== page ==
Wednesday 25 November 2020 5:22 am

Green energy — it’s bigger than the internet

Greg Jackson is chief executive and founder of Octopus Energy

Last week, media outlets across the country suggested a new rule of internet etiquette: scrap unnecessary emails in order to save the planet. 

We should all, apparently, stop sending “thank you” emails, as the servers transmitting them use even more energy, emitting carbon and contributing to climate change.

Don’t get me wrong, I am all for reducing carbon emissions to fight climate change. Plus fewer emails would be a delight in and of itself.

Read more: We can no longer ignore the link between human and planetary health

But the call to ration email use is a small yet powerful example of the fundamental flaw in how we think about saving the planet. 

Climate change is humanity’s greatest challenge, and we need to take radical action to solve it. But guilt-tripping people, hoping they will cut back on carbon-intensive activities — even if it’s just that one little email — is wrong-headed (especially when it’s something as ridiculous as suggesting that emails are a major contributor to our carbon footprint, which they are clearly not). 

Instead of telling everyone what not to do, we need to enable people to live the lives they want without the carbon impact of today.

How do we do that? We replace dirty energy with clean — and we make it cheap. 

For far too long, going green was the privilege of the rich. Green energy was seen as expensive — a perception energy companies did little to dispel, with the talk of “green taxes”.

The good news is that the era of cheap green energy has begun. When you generate electricity from fossil fuels you need to buy the coal and gas that you’ll burn. With wind and sun, the inputs are free. What costs money is the equipment needed to turn those inputs into power.

Thanks to the leadership of countries like the UK, that hardware has become cheap enough that wind and solar plants are increasingly inexpensive to build. In fact, they’re becoming cheaper every year. According to the International Energy Agency, solar photovoltaic is now the cheapest way to produce electricity, coming in cheaper than new gas or coal-fired power stations, and wind power is following suit. 

For customers, this should lead to lower electricity bills when they go green. But that’s still not really happening.

It’s bonkers, but in this country electrons — whether green or not — carry both poll taxes and sin taxes. The poll taxes mean that even when wholesale electricity prices drop to near zero on windy or sunny days, customers don’t see any benefit. 

And the sin taxes are even less justifiable. Hard as it is to believe, green electricity carries hefty climate taxes in the UK, whereas dirty gas doesn’t.

To put this in perspective, we buy electricity from homes with solar panels, paying about 5p per kilowatt hour (kWh). By the time it’s got next door, we sell it for about 14p. Almost the entire difference is the sin taxes and poll taxes paid for accessing just 10 metres of wire.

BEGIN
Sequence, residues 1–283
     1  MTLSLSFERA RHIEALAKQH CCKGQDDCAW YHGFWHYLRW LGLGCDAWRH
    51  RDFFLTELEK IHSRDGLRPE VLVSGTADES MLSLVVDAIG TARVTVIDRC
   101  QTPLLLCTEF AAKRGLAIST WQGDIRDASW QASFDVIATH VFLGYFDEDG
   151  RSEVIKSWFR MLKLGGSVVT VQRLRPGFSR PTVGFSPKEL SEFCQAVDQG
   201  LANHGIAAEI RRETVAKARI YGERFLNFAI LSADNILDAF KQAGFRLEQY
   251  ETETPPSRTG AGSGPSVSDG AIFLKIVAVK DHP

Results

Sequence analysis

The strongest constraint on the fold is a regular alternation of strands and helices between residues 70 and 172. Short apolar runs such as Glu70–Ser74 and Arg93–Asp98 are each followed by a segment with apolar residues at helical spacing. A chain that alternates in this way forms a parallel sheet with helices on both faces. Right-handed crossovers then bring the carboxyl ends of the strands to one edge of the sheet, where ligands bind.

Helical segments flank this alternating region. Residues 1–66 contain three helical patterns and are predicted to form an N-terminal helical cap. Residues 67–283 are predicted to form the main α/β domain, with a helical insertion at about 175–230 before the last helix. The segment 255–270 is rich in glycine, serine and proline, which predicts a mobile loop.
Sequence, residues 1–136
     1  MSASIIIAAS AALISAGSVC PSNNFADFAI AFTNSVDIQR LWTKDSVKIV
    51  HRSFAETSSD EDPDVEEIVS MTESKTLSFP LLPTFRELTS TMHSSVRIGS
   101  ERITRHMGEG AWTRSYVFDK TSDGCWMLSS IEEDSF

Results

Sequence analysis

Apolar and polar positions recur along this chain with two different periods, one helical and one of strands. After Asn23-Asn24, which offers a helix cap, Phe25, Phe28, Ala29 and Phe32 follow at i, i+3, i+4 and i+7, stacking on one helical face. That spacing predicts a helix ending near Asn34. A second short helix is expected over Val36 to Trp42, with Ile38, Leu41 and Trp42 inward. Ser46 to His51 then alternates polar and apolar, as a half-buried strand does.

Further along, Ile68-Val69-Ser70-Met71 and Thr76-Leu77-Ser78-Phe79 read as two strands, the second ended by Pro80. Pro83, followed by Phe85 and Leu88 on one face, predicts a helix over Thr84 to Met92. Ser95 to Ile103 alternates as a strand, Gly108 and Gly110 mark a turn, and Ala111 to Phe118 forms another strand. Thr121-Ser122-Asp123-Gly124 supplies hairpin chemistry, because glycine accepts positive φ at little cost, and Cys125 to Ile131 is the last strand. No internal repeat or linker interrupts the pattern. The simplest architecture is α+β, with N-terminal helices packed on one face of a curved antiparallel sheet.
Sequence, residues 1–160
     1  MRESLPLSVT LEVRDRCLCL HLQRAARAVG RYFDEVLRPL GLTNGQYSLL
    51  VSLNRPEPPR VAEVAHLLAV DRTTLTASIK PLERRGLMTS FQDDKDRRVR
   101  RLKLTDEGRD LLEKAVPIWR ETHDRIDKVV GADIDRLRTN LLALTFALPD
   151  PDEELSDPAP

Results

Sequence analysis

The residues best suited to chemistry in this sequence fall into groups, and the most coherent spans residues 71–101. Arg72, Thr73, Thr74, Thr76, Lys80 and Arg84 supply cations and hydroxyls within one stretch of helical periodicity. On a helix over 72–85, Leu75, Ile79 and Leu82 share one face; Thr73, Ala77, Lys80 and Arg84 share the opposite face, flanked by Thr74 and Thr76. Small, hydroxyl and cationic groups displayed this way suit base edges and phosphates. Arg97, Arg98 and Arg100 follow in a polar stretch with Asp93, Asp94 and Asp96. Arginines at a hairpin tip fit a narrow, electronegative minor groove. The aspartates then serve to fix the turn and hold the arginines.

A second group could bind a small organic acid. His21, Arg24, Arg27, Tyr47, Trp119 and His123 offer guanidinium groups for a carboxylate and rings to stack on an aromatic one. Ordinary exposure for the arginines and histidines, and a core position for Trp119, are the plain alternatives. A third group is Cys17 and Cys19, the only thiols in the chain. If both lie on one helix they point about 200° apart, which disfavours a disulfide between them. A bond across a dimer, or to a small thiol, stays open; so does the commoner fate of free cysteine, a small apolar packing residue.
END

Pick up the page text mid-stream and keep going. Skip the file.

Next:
Fixing this perverse model should be high up the priority list for Ofgem and the government. Because so much else is slotting into place that will enable the fantasy of guilt-free green power to become a reality.

In transport, the UK is already on the right track. In 2010, few could imagine that electric vehicles would someday be cheaper than petrol-fuelled cars. Back then, Tesla’s Roadster had a price tag of £110,000. A decade later, prices for EVs have dropped dramatically, with the cheapest now selling for £20,000. And that’s ahead of an expected avalanche of new models in the next 1–2 years, and before we have a meaningful second-hand market.

EVs are rapidly becoming the new normal, and the same will happen with super efficient electric heat pumps once they move from a cottage industry to mass-market. Heat pumps are like magic. They turn 1 kWh of electricity into 2.5–4 kWh of heat. Gas boilers, by contrast, emit less than 1 kWh of heat for every unit they take in.

The clean energy and tech revolution is well underway — and economics is driving it. We’re on the cusp of a renewable world. Carbon-free solar and wind energy is not only unlimited — with no input costs, it can become so cheap that it will lead to a burst of innovation. 

We will see new energy-intensive businesses that could have never survived in a fossil energy world, such as vertical indoor farms, spring up across the globe. We could even see a resurgence in heavy industries. Just last week, a US steel producer announced its plans to build a colossal solar farm — enough to power 31,000 houses — to enable it to move to cleaner operations, while cutting costs at the same time.

There is still a lot of work to do: we need to install many more solar and wind farms, build storage facilities, and digitalise the grid. And, crucially, we desperately need to address the sin taxes and poll taxes on green electrons. 

But still, it’s time to get excited. Green energy will change our future forever — it’s bigger than the internet. 

Read more: Explainer: What are green bonds? And how will the UK’s first green gilts work?

Main image credit: Getty

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